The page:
The layer separation scheme looks reasonable to me at first sight. Agree, "Hypervisor interfaces" worry the most, especially "Guest memory mapping and unmapping" which is something completely different on Xen in comparison with Kvm. If I am not mistaken, in the PoC the Virtio ring(s) are mapped at once during device initialization and unmapped during releasing it, while the payloads I/O buffers are mapped/unmapped at run-time ... If only we could map all memory in advance and just calculate virt addr at run-time like it was done for Kvm case in guest_flat_to_host(). What we would just need is to re-map memory once the guest memory layout is changed
(fortunately, we have invalidate mapcache request to signal about that).

FYI, I had a discussion with Julien on IRC regarding foreign memory mappings and possible improvements, the main problem today is that we need to steal page from the backend domain memory in order to map guest page into backend address space, so if we decide to map all memory in advance and need to serve guest(s) with a lot of memory we may run out of memory in the host very quickly (see XSA-300). So the idea is to try to map guest memory into some unused address space provided by the hypervisor and then hot-plugged without charging real domain pages (everything not mapped into P2M could be theoretically treated as unused). I have already started investigations, but unfortunately had to postpone them due to project related activities, definitely I have a plan to resume them again and create a PoC at least. This would simplify things, improve performance and eliminate the memory pressure in the host.

- An implementation layer to handle guest IO request.
     - Kvmtool provides virtual devices for guest. Some virtual devices
       kinds of implementations:
         - VIRTIO implementation
         - Real hardware emulation

For example, kvmtool console has virtio console and 8250 serial two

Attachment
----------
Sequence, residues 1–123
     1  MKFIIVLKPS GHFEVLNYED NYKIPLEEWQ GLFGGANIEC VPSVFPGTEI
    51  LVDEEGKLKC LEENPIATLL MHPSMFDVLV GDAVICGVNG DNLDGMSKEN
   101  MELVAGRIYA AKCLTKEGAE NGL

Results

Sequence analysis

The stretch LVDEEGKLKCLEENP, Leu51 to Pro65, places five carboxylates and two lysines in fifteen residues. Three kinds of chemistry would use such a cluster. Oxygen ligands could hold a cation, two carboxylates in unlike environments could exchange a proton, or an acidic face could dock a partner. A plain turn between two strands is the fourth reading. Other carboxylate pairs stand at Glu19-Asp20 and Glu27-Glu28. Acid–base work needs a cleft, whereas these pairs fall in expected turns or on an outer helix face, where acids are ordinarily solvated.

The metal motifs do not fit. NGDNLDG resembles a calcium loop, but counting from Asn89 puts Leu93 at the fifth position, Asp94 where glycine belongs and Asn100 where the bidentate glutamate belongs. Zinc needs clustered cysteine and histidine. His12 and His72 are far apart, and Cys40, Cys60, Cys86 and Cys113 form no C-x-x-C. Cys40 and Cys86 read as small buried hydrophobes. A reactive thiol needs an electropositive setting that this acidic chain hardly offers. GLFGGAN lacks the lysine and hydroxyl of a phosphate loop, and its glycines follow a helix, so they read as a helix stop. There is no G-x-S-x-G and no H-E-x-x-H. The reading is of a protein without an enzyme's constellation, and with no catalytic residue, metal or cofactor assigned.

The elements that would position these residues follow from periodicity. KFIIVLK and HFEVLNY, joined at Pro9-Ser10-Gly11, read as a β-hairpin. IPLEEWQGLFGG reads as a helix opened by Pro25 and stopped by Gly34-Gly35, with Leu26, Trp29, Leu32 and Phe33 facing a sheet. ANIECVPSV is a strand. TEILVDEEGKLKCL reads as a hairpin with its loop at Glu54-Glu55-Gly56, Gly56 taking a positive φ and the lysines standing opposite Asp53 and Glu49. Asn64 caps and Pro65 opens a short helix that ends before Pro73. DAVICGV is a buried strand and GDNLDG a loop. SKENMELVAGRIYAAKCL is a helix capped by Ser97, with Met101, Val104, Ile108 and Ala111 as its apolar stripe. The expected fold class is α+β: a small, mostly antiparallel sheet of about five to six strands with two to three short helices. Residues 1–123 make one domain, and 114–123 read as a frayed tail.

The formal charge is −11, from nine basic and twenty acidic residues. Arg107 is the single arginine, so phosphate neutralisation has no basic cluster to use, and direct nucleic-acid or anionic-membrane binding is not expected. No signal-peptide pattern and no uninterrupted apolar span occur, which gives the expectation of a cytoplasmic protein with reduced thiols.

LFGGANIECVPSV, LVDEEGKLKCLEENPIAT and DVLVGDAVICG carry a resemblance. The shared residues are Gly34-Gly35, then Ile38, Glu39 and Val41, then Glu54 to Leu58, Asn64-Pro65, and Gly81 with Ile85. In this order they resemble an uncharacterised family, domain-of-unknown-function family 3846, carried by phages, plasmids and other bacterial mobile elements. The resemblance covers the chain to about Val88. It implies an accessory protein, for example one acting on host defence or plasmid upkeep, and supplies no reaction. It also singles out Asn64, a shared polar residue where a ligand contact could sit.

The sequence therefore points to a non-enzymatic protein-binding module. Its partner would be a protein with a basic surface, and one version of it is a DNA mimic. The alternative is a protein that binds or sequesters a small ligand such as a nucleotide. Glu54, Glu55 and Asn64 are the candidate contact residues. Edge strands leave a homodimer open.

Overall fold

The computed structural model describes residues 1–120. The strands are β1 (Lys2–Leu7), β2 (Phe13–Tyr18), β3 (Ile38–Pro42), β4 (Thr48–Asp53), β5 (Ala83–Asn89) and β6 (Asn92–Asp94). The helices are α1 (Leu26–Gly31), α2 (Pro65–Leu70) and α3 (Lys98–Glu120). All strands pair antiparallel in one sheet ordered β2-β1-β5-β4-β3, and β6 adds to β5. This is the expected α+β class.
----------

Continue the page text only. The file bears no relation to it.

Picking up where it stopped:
of implementations. These implementation depends on device type
to create devices, and depends on device type ops to forward data
real device. And the implementation will invoke hypervisor interfaces to
map/unmap resources and notify guest.

In the current kvmtool code, the boundaries between these three layers
relatively clear, but there are a few pieces of code that are somewhat
interleaved, for example:
- In virtio_blk__init(...) function, the code will use disk_image
   This data is kvmtool specified. If we want to make VIRTIO
   become hypervisor agnostic. Such kind of code should be moved to other
   place. Or we just keep code from virtio_blk__init_one(...) in virtio
   implementation, but keep virtio_blk__init(...) in kvmtool specified

However, in the current VIRTIO device creation and data handling process,
the device type and hypervisor API used are both exclusive to kvmtool
KVM. If we want to use current VIRTIO implementation for other device
models and hypervisors, it is unlikely to work properly.

So, the major work of reworking interface is decoupling VIRTIO
from kvmtool and KVM.

**Introduce some intermediate data structures to do decouple:**
1. Introduce intermedidate type data structures like `virtio_disk_type`,
    `virtio_net_type`, `virtio_console_type` and etc. These data
    will be the standard device type interfaces between virtio device
    implementation and hypervisor.  Using virtio_disk_type as an example:
     struct virtio_disk_type {
          * Essential configuration for virtio block device can be got
          * kvmtool disk_image. Other hypervisor device model also can
          * this data structure to pass necessary parameters for creating
          * a virtio block device.